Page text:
Co-Chair, Aspen Economic Strategy Group
President Emeritus, The University of North Carolina
ERSKINE B. BOWLES is co-chair of the Aspen Economic Strategy Group. He began his business career at Morgan Stanley and went on to found and lead Bowles, Hollowell, Conner, which became the preeminent investment bank focused on middle market mergers and acquisitions. He subsequently co-founded the middle market private equity firm Carousel Capital, served as a senior advisor for Credit Suisse First Boston, was a partner with the global buyout firm Forstmann Little & Co. and the chairman of the board of advisors of BDT Capital Partners. He previously served on the boards of Morgan Stanley (Lead Director), First Union Corporation, Merck, VF, Cousins Properties (Lead Director), Norfolk Southern Corporation, General Motors, Belk and Facebook. In his public sector career, Erskine served in the Clinton Administration as SBA Administrator, Deputy White House chief of staff, and chief of staff. During his time in the White House, he negotiated the first balanced budget in a generation. Erskine co-chaired with Senator Alan Simpson the National Commission on Fiscal Responsibility and Reform, and from 2005-2011, he served as the president of the University of North Carolina.
President Biden deserves credit for his actions to date on climate change. In rejoining the Paris agreement, directing new energy standards, pushing for bold congressional action, convening world leaders and announcing dramatic emissions reduction targets, he is showing that American climate leadership is back. But there is one major climate policy arena where the United States needs to take a bold step forward: carbon pricing.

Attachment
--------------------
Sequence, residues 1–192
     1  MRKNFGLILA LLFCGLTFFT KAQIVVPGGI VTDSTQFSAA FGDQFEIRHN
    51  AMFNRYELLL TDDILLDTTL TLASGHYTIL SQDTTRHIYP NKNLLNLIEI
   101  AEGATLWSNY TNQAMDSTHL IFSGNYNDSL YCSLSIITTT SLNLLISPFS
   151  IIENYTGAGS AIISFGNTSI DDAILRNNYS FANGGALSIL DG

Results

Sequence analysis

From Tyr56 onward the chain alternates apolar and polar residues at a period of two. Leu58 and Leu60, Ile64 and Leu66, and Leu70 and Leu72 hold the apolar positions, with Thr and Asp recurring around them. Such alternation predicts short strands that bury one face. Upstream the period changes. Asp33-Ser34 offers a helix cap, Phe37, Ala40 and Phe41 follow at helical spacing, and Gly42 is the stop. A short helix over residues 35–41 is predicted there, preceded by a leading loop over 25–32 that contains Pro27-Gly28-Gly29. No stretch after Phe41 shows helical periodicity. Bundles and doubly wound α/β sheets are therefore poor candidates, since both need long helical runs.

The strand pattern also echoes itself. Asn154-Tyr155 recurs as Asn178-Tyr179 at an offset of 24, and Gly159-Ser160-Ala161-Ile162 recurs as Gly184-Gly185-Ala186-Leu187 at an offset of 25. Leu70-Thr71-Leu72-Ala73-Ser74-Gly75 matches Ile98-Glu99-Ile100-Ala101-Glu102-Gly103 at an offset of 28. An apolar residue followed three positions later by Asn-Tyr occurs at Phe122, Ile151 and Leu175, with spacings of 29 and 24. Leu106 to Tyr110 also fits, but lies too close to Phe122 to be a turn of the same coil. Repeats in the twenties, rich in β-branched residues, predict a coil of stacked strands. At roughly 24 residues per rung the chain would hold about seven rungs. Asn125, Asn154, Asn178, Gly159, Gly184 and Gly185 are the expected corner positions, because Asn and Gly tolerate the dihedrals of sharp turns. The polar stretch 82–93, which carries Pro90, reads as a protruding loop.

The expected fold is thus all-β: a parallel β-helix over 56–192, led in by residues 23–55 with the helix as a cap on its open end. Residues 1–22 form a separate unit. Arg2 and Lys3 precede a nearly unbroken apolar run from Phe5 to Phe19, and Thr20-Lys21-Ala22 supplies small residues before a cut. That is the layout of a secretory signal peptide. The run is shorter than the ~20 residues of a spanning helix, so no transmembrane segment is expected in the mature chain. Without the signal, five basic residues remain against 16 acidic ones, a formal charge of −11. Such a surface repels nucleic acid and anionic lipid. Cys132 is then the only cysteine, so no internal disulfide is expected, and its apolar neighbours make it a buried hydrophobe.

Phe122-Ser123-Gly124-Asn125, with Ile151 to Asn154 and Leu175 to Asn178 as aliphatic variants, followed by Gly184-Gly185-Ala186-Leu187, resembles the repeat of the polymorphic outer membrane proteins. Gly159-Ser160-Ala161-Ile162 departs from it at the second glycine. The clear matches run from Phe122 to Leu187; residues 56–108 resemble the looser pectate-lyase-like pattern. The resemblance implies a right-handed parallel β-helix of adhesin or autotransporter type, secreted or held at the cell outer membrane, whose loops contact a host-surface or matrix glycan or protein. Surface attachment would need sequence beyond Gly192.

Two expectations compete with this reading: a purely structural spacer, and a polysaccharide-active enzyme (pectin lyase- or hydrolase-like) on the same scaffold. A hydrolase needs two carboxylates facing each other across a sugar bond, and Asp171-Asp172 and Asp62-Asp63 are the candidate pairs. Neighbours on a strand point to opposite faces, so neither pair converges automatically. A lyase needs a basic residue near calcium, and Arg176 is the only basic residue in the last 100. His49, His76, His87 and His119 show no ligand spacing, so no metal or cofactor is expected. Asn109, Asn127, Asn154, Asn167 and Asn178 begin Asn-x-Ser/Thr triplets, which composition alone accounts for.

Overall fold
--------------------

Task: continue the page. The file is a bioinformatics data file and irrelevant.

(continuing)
AESG co-chairs Hank Paulson and Erskine Bowles introduce the group's 2020 policy volume. The American economy is in the midst of a wrenching crisis, one caused by the COVID-19 pandemic, intensified by the worst social unrest in a generation, and aggravated further by a series of climate-driven natural disasters.
American capitalism is at a serious inflection point. Many Americans, including the two of us, are alarmed by enormous levels of inequality and by declining economic mobility. We are concerned that in many cases American markets are no longer the most competitive in the world. And, we worry that our country’s long-term economic strength will slowly deteriorate because of an unsustainable fiscal trajectory that leaves future generations worse off.
The American economic system has always been the foundation of our national strength. But this foundation is showing cracks—from high levels of income inequality, declining economic mobility, and persistent economic insecurity among low- and middle-income Americans.
The American economy is stronger today than it has been in many years. At the time of this writing, jobs are plentiful and the country's economic expansion is the second-longest on record. But our nation's economic performance has not been even, and the prosperity is not as widespread as it once was.
Many Americans are being left behind by today’s modern, global economy, and they are justifiably angry about it. Growing numbers of people feel our economic and political systems are rigged against them. And it’s no wonder why.